Monday, July 5, 2010

Vietnam Thesis- Part VI

Here is part six in my ongoing series.

The Tet Offensive was the major turning point in the war. Not only did the attacks themselves catch the Americans off guard, but also the way in which the North Vietnamese carried out those attacks. Army soldier Donald Hines took note of the brutality of the enemy warfare during and after Tet, “Before the Tet Offensive they would sneak around at nighttime. Now they were saying ‘We’re bad and we’re gonna kick your ass.’” It was clear to many men like Hines that the enemy was now playing for keeps. 

This change in intensity made a large impact on the morale of soldiers, and made many for the first time really question the government’s handling of the war and the tactics used to fight it. Following Tet, Marine Scout Adolphus Stuart “saw that it [America’s plan] wasn’t going to work,” and asked himself “What’s going on?” Tet created many questions about the effectiveness of the American policies and tactics in the fighting of the war. The ones asking the questions were the soldiers who had seen the carnage of Tet close up, and the American public who had smelled failure coming back in 1967. In the first two weeks alone 1,113 U.S. troops died with many calling for the South Vietnamese to do more of the fighting. The huge losses in the major battle centers of South Vietnam proved that the enemy, while depleted, was not going to give up.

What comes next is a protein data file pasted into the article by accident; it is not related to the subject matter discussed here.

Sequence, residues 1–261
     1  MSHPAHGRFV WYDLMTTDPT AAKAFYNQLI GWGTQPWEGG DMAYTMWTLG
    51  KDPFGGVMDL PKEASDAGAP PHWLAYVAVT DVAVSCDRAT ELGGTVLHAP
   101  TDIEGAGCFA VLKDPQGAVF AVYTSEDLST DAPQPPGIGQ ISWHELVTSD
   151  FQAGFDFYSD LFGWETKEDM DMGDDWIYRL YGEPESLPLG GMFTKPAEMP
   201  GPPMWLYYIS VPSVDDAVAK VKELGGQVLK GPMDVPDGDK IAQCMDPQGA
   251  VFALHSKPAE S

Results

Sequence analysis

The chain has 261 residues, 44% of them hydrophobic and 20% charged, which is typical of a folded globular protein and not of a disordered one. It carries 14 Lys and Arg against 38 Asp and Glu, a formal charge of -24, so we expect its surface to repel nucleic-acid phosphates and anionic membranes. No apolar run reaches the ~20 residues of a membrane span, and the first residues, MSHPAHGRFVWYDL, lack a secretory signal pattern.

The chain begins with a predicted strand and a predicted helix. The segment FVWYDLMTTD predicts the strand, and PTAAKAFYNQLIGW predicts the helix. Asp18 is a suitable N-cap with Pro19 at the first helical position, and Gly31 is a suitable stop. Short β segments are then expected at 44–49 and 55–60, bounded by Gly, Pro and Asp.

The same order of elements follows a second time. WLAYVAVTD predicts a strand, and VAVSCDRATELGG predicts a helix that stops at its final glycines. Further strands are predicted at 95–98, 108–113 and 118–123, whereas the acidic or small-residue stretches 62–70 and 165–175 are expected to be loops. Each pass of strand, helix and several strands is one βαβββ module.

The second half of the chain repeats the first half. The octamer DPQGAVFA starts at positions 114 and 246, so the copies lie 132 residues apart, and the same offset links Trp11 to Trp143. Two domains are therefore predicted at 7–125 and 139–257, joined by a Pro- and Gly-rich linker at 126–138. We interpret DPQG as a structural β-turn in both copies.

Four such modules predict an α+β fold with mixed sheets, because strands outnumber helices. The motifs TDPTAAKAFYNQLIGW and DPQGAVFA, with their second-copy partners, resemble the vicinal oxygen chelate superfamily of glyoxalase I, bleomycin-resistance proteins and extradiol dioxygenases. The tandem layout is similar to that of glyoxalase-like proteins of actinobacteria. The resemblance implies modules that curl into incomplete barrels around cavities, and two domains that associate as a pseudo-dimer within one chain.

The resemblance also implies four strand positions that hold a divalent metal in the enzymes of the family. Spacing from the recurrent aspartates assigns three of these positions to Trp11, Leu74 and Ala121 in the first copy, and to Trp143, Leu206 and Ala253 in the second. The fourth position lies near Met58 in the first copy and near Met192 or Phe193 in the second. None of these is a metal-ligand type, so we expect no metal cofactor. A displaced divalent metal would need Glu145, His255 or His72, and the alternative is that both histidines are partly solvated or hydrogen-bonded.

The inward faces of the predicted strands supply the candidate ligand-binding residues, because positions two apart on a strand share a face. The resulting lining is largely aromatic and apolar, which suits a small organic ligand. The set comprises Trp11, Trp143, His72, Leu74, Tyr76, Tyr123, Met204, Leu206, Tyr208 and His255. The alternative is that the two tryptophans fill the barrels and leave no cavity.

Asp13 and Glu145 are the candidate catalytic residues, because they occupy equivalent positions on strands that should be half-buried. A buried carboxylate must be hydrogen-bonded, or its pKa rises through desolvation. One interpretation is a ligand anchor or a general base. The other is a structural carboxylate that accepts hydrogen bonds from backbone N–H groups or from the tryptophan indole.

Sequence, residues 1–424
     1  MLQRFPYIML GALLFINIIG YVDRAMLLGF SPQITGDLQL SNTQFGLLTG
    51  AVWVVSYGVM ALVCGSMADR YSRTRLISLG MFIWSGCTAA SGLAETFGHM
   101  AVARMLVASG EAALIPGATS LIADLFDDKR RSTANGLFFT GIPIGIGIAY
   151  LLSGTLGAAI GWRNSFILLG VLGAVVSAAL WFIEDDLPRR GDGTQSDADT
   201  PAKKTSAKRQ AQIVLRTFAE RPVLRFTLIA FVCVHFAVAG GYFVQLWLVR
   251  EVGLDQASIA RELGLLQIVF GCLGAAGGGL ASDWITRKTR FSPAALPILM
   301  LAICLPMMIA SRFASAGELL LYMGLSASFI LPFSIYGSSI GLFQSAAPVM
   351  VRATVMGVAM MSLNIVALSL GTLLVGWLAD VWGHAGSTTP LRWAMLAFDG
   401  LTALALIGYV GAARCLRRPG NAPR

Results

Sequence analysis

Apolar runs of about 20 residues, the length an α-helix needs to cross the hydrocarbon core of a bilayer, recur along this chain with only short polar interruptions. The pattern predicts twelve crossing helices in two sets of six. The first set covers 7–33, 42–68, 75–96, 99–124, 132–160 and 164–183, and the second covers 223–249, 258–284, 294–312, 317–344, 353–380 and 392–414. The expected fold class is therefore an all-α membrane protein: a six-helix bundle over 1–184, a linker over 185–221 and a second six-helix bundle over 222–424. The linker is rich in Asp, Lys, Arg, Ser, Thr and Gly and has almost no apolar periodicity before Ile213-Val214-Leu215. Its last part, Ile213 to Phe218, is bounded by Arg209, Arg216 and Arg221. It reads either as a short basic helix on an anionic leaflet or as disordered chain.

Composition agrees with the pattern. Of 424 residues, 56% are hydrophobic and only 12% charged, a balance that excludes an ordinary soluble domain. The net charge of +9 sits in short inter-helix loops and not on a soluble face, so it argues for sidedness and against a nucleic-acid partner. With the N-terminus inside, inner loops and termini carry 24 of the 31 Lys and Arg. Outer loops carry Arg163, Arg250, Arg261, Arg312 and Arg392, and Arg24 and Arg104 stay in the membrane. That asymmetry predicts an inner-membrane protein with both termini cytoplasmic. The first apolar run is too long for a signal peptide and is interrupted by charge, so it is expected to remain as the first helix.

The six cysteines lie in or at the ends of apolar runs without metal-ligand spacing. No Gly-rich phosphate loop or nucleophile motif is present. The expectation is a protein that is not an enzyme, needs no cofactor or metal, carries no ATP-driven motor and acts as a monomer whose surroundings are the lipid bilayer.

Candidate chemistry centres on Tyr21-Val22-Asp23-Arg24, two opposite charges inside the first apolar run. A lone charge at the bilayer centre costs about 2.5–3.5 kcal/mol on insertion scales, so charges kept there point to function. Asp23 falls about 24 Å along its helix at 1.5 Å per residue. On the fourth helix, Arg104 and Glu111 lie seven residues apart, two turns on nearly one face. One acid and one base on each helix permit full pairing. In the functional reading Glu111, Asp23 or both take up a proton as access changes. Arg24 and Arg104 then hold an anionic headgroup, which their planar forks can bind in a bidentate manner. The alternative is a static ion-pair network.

As a result of the huge miscalculation made by the U.S. government involving the Tet Offensive, President Johnson committed himself to move towards a peace agreement with the North. In a speech on March 31, 1968, Johnson said, “The United States is ready to send its representatives to any forum, at any time, to discuss the means of bringing this ugly war to an end.” From these words is was clear to America, now more than ever, that the war in Vietnam was not going according to plan. Johnson reaffirmed this notion at the end of his speech when he said that he would not run for president in the upcoming election. By deciding not to run for re-election, Johnson could focus his time on getting the U.S. out of Vietnam. Soldiers reacted to this move toward peace and the aftermath of Tet very strongly. The president, apart from stopping bombing campaigns and troop movements, planned to turn more of the fighting over to the South Vietnamese while still maintaining supremacy.

Many soldiers who were in Vietnam at the time saw that as wishful thinking, and knew that if the U.S. had barely stood up to the North Vietnamese Army and Viet Cong at Tet, how could the South Vietnamese do it alone? Secretary of Defense Clark Clifford summed up the dilemma facing the U.S. after Tet saying, “What was the plan to win the war? Well, the only plan was that attrition would wear out the communists, and they would have had enough. Was there any indication that we’ve reached that point? No, there wasn’t.” By the late Spring of 1968 feelings like Clifford’s were being felt throughout Vietnam by soldiers and officials.

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